Are the holidays stressing you out?
There are lots of reasons for the stress, often self-imposed. It’s unrealistic to think we can completely eliminate stress in our lives, but here are some suggestions to minimize its effects.
Don’t pressure yourself to make everything perfect. Getting organized is step one toward giving yourself a break. Carry a list of the people you need gifts for in your wallet, including what’s already bought, to eliminate overbuying for any one person and exceeding the budget. List tasks from most important to least, and concentrate on the highest priority items first. Ask for help with holiday preparations. Part of the holiday joy is being together. Having a friend or family member help will turn what feels like work into a fun time that will become a cherished memory.
Many of us need to incorporate “no” into our vocabularies – it’s okay to say no if you don’t have time to get something done. Take control of your schedule and avoid overdoing it. Everyone is in the same situation and they’ll understand if you have to miss one cookie exchange.
The holidays can cost a lot but they don’t have to. If you don’t have money to spare, enjoy free activities. Having a grandchild spend time with a grandparent sharing in the beauty of the season can be a treasured gift that costs nothing more than a few hours of their time. Tour the neighborhood’s holiday lighting displays, bundle up and take a walk in the snow or go sledding. People often can’t remember which gift you gave them last year, but they will remember time spent together building memories.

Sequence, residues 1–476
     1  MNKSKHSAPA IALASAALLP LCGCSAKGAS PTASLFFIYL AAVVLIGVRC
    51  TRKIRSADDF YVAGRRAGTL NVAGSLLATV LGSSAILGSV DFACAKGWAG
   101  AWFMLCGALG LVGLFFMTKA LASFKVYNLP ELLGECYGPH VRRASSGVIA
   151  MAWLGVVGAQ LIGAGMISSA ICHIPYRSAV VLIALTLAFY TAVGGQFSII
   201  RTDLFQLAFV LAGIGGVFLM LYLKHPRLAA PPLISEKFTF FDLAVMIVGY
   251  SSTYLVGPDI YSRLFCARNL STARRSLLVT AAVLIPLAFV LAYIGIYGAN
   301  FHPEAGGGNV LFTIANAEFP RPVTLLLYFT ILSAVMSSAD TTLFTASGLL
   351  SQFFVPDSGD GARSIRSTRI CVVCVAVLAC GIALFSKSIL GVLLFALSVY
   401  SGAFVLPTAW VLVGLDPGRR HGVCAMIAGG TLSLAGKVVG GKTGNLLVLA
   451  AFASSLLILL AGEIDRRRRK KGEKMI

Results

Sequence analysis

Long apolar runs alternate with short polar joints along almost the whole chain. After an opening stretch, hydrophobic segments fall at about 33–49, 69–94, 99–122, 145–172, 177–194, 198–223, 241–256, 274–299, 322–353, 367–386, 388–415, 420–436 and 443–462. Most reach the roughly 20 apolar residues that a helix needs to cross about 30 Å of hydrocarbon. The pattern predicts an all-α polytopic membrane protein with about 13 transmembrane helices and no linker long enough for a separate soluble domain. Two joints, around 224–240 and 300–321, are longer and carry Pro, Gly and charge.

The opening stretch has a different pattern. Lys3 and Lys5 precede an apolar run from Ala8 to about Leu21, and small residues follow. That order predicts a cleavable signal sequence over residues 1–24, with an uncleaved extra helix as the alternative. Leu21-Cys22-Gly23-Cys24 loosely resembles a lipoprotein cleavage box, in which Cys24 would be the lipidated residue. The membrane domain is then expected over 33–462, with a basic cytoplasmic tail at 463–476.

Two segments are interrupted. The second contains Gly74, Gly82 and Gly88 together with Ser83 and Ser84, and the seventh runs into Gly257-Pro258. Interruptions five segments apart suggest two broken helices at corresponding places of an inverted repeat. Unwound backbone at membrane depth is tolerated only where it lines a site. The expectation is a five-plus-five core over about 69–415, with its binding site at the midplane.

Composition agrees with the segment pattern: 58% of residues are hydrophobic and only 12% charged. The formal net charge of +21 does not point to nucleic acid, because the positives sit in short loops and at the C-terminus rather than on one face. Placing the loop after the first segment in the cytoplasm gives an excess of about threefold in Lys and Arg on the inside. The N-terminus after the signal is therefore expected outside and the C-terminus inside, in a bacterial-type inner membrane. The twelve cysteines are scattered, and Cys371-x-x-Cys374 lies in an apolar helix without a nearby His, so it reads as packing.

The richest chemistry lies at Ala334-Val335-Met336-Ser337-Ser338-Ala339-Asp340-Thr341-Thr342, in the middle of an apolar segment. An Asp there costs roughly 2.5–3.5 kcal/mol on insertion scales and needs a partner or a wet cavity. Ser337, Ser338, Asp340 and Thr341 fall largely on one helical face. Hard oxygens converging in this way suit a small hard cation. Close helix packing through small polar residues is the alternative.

Those of us who live in central Ohio experience about 180 gray days each year and we all need a little sunshine in our lives to keep up our spirits. Put brighter than usual light bulbs in a lamp and sit near it to simulate sunshine. If you feel cooped up during the winter, even if it’s cold outside and snow is on the ground, put on some warm boots and get outside for a walk every day. Exercise will help you feel more energetic, sunlight and exercise are great mood lifters, and there’s nothing prettier than a fresh snowfall. If sidewalks are too treacherous, head to the local mall and walk the corridors while enjoying the sights and sounds of the season.
If you feel isolated or sad during the holidays, join in activities that are happening in the community. Ask a neighbor or friend if they need help with gift wrapping or clearing a walkway. If you know someone else who is alone during this time, invite that person to a meal or other gathering. Volunteering at an agency or church in your community is a great way to lift your spirits. If you need help providing food for your family or yourself, there are opportunities to eat a meal at area churches and food pantries are well stocked for the winter.
Give yourself a time out if you’re feeling overwhelmed by the swirl of activities. Fit in some quiet time each day. Take five deep breaths while gazing out the window for a quick relaxation technique. Reading, listening to music or enjoying a hobby like knitting or writing in a journal will provide much needed peace during a hectic season.
To make the most of the holidays, be sure to eat well, making it a priority to eat five or more fruits or vegetables a day. Get plenty of rest and exercise to make you less vulnerable to stress. Take time to enjoy the beauty of the season. Remember to be flexible and have fun.
Penny Sitler is Executive Director of Mental Health America of Licking County.
Found in The Newark Advocate December 24, 2016